Global leader: Tom Greally, general manager
Core activity: Visual effects for film, commercials, TV and games
Revenue: Not disclosed
Key customers: North American film studios
Employees: Approximately 570 contracted crew
The visual effects work of Weta Digital remains in demand with North American film studios. In 2008, Weta completed work for Twentieth Century Fox films Jumper and The Day the Earth Stood Still and is continuing work on James Cameron’s Avatar, scheduled for completion by the end of 2009. General manager Tom Greally notes several other film studios that are working with Weta Digital: Walt Disney Pictures and Walden Media for Prince Caspian, and DreamWorks for Peter Jackson’s film The Lovely Bones. Weta Digital is additionally set to work on Jackson’s and Steven Spielberg’s film adaptation of three Tintin books.
“Our main customer base continues to be studios out of the North American market and our investments are generally geared to attract work from this market for the longer term. While the business operates in New Zealand, we play in the international market for the most part,” says Greally.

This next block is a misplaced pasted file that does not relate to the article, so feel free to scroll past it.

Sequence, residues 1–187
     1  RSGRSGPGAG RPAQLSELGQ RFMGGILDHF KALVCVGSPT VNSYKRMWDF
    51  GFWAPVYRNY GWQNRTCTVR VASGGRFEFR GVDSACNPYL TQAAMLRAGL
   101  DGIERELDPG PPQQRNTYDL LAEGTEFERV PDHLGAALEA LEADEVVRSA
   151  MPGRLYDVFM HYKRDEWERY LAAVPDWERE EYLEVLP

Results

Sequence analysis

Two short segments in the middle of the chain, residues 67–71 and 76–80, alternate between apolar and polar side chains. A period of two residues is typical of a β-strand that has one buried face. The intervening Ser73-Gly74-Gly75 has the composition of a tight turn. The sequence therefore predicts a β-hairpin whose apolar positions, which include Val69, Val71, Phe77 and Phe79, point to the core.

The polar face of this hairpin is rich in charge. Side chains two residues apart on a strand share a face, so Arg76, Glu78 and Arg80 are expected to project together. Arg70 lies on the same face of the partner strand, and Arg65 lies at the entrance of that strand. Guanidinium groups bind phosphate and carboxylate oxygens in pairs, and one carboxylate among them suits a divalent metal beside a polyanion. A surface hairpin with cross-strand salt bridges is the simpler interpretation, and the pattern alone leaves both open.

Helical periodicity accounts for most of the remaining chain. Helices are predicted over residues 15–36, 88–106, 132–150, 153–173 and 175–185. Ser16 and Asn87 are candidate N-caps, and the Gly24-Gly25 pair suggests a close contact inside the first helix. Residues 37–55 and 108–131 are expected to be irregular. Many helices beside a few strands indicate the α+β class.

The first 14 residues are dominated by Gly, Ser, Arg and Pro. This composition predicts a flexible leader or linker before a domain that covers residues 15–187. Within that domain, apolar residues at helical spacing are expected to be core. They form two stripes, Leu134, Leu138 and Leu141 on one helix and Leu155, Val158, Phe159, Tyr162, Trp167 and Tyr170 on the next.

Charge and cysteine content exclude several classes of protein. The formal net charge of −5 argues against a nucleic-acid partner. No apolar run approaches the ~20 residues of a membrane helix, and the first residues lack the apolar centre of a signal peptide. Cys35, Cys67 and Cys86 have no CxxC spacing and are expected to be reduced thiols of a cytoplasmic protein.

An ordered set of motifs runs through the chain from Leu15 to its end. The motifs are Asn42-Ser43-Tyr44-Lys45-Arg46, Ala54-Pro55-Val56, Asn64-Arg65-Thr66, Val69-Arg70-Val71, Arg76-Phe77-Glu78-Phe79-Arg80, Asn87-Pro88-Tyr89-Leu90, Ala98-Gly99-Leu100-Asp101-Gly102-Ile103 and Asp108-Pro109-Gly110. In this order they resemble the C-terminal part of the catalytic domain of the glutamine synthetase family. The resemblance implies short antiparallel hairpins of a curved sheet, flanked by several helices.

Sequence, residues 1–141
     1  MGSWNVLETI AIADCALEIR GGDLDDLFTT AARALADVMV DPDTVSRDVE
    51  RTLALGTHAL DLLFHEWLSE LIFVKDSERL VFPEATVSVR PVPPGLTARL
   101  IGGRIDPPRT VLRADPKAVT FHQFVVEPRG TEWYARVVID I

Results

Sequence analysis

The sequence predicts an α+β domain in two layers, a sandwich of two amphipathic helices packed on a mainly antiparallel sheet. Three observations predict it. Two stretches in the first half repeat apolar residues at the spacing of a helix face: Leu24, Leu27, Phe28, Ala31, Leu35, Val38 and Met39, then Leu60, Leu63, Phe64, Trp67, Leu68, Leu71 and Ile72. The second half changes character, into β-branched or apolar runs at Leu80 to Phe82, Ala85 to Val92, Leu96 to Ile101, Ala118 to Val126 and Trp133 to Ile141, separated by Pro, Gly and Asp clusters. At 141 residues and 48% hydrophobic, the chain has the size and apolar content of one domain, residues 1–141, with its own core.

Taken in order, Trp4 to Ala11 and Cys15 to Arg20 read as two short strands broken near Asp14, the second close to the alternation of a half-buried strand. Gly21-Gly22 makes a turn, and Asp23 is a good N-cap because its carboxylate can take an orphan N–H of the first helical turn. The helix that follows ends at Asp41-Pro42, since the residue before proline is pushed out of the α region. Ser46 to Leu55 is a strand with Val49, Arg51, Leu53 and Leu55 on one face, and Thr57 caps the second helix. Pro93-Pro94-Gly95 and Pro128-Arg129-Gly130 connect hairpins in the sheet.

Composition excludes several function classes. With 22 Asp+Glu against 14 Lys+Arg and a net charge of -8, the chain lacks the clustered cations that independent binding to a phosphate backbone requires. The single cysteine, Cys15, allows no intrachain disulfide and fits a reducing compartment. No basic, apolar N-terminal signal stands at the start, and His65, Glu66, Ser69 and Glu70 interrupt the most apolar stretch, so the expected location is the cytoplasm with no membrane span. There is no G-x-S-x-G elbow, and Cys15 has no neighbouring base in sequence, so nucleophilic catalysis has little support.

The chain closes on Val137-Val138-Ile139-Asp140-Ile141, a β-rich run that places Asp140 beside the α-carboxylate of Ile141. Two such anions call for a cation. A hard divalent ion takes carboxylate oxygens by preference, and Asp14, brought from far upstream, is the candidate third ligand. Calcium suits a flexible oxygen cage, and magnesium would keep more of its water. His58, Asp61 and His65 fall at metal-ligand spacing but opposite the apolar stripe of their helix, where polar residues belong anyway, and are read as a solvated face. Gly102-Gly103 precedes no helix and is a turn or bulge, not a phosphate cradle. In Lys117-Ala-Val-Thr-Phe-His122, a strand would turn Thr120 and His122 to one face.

The company has 570 staff on contract and is an attractive workplace for ICT and digital graduates.
“We have never encountered a problem attracting staff and around 60 per cent of staff are from offshore. We are starting to employ different strategies by encouraging more local recruitment, along with internal training and development, as a means to gradually move to a 50/50 mix,” says Greally.
Weta recently established its own 12-kilometre fibre loop network linking the company’s Wellington facilities, using providers FX Network and CityLink. FX Networks also provides international data connections. The company has created its own purpose-built data centre, housing its render wall and storage equipment. Greally says Weta needed a facility able to meet its high density data needs and manage the heat output from that density, and a purpose-built, water-cooled facility is the result.
Major IT vendors are HP, which provides most render wall and desktop requirements; others include NetApp and BlueArc for storage equipment, while Foundry Networks provides network switches. Weta buys quad-core CPUs and has 20,000 cores that support its render wall. There are 1300 Blade Servers, 2500 computers and nearly 600 terabytes of networked storage.
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